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Patrick’s Pandemic Restrospective: March 11th, 2020

Over the past couple of weeks, there's been a lot of social media chatter about when the pandemic became "real." On behalf of everyone from Oklahoma City, and millions and millions of other people around the world, I'd like to state for the record that the date is March 11th, 2020.

On that afternoon at around 2pm, just after I bought a new sports jacket to wear to the big Oklahoma Contemporary grand opening the following day (an event that would never happen), I got a text from a friend – we'll call him Ogle Mole Agent X42 – asking if I wanted to crash the Oklahoma Restaurant Association's "Legislative Reception" at the Bricktown Events Center. It's a fancy yet casual affair where lawmakers, lobbyists, capitol insiders and restauranteurs all gather to mingle and sample free food and drink provided by about 50 or so Oklahoma restaurants, along with some wineries and breweries.

The obvious and easy answer was "Hell Yes."

Three hours later, I Lyfted down to JJ's Alley – the most under-appreciated bar in OKC – for a few pre-reception beers. By that time, the Coronavirus had already overtaken the Democratic primaries as the dominant news story in the country. Everyone was watching the virus unfold in China, Italy and other places abroad with a strange, uncomfortable uncertainty, leading to millions of questions racing through our minds like –"When's it going to hit Oklahoma? Are we gonna have to shut everything down for a few weeks?? Will we really run out of toilet paper??!"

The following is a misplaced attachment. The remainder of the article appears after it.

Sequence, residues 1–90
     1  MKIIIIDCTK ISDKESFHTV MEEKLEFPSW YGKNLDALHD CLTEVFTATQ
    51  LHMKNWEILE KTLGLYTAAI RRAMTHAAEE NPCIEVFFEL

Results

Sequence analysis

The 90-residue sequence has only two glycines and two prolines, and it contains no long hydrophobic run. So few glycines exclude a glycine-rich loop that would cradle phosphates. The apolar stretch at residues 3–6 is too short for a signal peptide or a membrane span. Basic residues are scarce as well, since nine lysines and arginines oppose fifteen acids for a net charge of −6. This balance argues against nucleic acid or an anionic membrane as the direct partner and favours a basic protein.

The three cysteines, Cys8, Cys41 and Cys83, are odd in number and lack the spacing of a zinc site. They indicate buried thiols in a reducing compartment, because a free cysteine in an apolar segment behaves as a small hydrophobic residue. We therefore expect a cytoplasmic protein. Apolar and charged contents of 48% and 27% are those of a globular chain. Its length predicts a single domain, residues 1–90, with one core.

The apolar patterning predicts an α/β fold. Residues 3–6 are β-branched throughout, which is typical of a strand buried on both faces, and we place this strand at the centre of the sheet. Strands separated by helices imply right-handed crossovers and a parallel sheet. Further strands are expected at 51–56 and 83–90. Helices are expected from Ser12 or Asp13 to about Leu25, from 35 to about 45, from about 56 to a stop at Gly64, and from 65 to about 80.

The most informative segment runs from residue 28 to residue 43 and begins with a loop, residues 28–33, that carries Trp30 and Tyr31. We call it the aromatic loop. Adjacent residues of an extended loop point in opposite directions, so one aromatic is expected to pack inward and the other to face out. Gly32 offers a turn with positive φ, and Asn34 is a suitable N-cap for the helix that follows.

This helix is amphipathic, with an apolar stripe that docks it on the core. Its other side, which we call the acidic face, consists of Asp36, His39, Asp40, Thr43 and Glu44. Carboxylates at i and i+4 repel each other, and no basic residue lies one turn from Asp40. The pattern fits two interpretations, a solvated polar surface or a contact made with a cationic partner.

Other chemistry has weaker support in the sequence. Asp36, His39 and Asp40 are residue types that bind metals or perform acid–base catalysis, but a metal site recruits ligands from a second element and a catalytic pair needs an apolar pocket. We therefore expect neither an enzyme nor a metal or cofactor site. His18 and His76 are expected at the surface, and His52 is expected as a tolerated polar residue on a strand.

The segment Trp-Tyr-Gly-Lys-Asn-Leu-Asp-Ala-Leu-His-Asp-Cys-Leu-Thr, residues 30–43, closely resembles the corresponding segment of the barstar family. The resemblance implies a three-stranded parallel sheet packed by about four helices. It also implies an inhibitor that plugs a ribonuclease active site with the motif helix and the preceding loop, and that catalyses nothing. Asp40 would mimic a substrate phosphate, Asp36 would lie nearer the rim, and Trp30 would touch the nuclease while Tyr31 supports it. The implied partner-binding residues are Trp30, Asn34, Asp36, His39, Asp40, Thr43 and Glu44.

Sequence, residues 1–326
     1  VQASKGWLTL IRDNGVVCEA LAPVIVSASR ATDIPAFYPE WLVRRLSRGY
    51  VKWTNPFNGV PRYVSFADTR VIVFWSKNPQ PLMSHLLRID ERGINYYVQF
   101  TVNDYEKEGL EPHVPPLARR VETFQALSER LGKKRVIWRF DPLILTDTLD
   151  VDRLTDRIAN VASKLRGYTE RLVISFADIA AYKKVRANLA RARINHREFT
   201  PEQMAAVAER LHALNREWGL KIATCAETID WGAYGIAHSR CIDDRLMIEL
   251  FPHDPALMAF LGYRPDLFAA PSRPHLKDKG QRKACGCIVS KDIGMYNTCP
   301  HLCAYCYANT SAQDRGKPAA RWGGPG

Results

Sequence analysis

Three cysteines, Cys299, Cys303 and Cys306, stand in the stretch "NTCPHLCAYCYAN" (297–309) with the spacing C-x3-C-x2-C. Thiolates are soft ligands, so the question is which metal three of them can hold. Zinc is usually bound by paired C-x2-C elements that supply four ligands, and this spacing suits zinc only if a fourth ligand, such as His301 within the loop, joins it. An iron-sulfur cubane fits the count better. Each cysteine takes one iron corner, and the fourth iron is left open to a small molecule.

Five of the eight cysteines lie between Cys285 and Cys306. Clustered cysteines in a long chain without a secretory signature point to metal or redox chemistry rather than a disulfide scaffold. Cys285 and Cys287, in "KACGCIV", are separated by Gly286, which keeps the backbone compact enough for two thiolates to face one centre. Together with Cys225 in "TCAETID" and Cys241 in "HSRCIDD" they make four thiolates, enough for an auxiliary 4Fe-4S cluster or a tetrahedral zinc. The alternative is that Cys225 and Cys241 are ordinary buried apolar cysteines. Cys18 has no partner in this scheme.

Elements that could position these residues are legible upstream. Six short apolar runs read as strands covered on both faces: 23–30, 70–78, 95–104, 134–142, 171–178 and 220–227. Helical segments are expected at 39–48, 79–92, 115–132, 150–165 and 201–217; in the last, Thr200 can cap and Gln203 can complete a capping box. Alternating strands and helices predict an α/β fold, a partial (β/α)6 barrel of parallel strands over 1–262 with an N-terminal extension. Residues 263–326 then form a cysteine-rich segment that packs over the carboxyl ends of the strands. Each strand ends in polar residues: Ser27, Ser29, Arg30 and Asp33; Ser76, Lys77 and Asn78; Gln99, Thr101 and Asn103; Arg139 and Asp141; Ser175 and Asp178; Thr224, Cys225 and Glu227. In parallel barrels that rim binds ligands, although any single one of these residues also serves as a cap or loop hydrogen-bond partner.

While some guy strummed on an acoustic guitar by the front window at JJ's, Ogle Mole Agent X42 and I talked about those topics and more. After knocking back a couple of bottles of beer, we then when walked to the ORA event.

This was the third year I had essentially snuck into the hobnob. Usually, it was packed with all sorts of politicos, ranging from the most powerful lobbyists to the lowest-on-the-ladder legislative aides, all stuffing their faces with tasty finger foods, hors d'oeuvres and little plastic cups of terrible Oklahoma wine, but this time around the crowd was sparse. In years past, breweries would try to ration beers – even the ones named after us – to two-ounce pours. Now they were begging you to take an entire can! At the OSO table, Chef RP literally couldn't give away tacos, something I've never seen happen before, and will likely never see happen again.

For the people who did make it out, there was definitely a sense of viral awkwardness floating in the air. One thing I noticed is that everyone would do a semi-mocking, semi-serious fist bump and joke around about whether you had a dry cough, or what song you sang when you washed your hands. Then, naturally, the conversation would turn to the Coronavirus.